Nude Art: Birth Of Venus And David

1075 Words 5 Pages
Ellis 1
Brooke Ellis
Humanities 12 pm MWF
Writing assignment
The difference between male and female nude art: Birth of Venus & David
Paintings and sculptures with no clothes are strangely common in the art in the Western part of the world. Nude is may seem completely natural when one considers how common the state of being nude is in every human life, from the day you are born to the bath, and even to the bedroom. In art, however, nude figures obviously relate very little to these modest conditions and instead replicate a very complicated set of proper ethics, philosophical concerns, and cultural traditions. Throughout the idea of Western art, the nude body was a specific focus of artistic modernization in the Renaissance and
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“Michelangelo's sculpture of “David” was the first monumental male nude sculpted. Botticelli's painting “The Birth of Venus” was an early female nude of the Renaissance.” (Smith, 3rd para) In the painting of “The Birth of Venus” by Botticelli, a Greek-Roman goddess is coming out from the shore in a shell. According to the traditional reasoning, after Venus was born, she rode on a shell to the island of Cythera. This painting is based on Poliziano’s poem, “Giotra.” Venus represents the perfect Renaissance woman: thin, pale, and curvy. Botticelli over exaggerates the length of Venus’s neck and legs to bring the audience’s attention to her stunning features, which almost seem too flawless to exist. This painting of The Birth of Venus is known to have made women see more desirable causing an unrealistic representation of women who come in all shapes and …show more content…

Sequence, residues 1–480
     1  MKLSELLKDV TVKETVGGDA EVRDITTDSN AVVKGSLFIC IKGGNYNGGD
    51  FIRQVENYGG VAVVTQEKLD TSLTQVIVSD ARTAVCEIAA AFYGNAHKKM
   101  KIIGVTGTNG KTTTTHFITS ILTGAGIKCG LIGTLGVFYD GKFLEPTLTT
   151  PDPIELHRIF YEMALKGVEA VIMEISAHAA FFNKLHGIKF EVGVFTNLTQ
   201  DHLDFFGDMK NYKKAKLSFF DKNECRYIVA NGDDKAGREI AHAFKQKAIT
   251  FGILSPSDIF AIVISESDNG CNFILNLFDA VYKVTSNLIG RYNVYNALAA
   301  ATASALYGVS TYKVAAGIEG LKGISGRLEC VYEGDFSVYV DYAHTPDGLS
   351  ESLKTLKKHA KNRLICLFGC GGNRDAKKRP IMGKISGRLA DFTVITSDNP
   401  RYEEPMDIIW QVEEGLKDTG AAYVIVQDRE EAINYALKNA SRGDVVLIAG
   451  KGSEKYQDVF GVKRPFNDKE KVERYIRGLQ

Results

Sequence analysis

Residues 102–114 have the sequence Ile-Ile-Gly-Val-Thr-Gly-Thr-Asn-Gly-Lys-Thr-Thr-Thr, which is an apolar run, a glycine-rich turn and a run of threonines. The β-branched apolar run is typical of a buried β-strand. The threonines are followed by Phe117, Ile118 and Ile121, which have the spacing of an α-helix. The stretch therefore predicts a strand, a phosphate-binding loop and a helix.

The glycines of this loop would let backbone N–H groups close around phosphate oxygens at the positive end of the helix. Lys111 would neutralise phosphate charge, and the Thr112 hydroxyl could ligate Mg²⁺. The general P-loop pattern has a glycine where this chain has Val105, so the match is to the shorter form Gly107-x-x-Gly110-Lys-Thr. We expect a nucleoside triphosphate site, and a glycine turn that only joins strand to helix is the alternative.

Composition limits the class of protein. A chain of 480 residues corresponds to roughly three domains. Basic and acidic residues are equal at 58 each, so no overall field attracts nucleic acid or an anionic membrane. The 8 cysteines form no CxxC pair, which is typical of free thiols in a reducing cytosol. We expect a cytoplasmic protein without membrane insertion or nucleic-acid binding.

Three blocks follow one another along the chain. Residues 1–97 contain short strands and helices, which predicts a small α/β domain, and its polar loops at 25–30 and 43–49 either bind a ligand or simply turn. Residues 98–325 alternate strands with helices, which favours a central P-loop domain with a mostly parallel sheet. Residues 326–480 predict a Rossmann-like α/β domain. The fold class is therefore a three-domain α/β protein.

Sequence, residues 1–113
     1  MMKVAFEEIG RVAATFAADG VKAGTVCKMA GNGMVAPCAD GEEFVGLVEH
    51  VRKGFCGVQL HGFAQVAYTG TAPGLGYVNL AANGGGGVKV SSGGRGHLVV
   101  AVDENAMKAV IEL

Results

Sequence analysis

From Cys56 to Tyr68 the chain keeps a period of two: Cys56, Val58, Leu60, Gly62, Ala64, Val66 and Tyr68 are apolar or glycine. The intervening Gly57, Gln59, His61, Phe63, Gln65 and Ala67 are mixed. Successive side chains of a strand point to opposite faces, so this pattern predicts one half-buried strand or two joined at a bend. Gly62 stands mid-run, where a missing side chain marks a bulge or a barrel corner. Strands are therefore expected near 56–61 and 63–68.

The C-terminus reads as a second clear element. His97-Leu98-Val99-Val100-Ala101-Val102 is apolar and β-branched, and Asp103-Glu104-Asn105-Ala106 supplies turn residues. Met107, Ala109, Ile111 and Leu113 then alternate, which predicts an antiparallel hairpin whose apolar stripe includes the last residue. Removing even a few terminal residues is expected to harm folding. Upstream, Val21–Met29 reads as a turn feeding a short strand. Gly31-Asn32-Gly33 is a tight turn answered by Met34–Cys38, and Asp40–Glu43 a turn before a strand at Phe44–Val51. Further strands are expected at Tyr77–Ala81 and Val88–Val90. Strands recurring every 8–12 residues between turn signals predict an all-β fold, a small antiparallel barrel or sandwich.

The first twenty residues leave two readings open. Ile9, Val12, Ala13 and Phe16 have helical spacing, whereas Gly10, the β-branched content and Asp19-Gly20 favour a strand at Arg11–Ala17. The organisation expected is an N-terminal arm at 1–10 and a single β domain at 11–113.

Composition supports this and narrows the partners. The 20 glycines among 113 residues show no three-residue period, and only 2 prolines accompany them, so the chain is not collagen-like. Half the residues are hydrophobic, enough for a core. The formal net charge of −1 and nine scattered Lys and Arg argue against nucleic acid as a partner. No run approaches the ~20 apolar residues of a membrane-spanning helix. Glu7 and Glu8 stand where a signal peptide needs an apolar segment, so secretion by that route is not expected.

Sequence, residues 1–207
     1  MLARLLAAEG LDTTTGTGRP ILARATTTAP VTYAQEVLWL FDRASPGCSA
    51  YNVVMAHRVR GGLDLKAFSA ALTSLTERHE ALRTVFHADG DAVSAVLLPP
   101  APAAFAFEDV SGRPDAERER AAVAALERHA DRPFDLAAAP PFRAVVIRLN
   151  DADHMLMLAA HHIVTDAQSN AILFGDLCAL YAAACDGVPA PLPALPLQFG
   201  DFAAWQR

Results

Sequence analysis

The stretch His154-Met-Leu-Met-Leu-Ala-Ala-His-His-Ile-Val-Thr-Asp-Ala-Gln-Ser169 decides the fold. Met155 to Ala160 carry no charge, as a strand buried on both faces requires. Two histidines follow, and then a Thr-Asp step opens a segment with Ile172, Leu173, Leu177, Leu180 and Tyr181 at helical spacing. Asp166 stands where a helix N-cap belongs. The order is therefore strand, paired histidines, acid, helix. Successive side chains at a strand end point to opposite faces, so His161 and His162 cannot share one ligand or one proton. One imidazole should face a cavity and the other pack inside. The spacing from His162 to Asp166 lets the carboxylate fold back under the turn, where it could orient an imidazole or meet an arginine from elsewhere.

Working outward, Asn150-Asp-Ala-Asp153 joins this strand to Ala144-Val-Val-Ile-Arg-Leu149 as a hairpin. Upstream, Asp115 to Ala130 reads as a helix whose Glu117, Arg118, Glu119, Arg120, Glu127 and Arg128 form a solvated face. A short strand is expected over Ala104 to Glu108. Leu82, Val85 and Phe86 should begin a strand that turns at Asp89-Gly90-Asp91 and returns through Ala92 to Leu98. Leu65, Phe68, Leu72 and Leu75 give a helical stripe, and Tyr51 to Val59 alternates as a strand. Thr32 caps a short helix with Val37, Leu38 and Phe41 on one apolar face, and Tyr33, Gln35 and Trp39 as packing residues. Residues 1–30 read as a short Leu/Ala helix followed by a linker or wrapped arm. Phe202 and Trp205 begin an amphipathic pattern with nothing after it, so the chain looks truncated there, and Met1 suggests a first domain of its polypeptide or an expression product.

Although canvas was starting to gain acceptance by many painters. It worked well in humid areas, such as Venice, because wood panels tended to warp in humid weather. Canvas also cost less than wood, but the canvas was considered less formal, which made it more suitable for paintings that would be shown in non-official settings. “David” is one of Michelangelo’s most famous work, and has become one of the most famous statues in the world of art. Standing thirteen feet and five inches tall, the statue David is portrayed patiently waiting for battle, prepared with a slingshot in one hand and a stone in the other. “Michelangelo carved the “David” right after he had already carved the “Pieta” in Rome in the late 1490s and then returned to Florence in 1501.” (Paolucci, para 3) Knowledgeable of his talent as a sculptor, Michelangelo’s career was quickening when he was commissioned to carve the scriptural David for the outside of the Florence Cathedral. “David” was planned to be placed in a high setting on the church, it had to be just large enough to be seen from below. It currently is not located outside the cathedral but inside the of the Accademia Museum in Florence. The marble chunk used by Michelangelo was initially dug up for a sculpture to be carved by another sculptor in 1464 the marble block was carved out but was never finished so was used for scrap. When Michelangelo received his commission in 1501,

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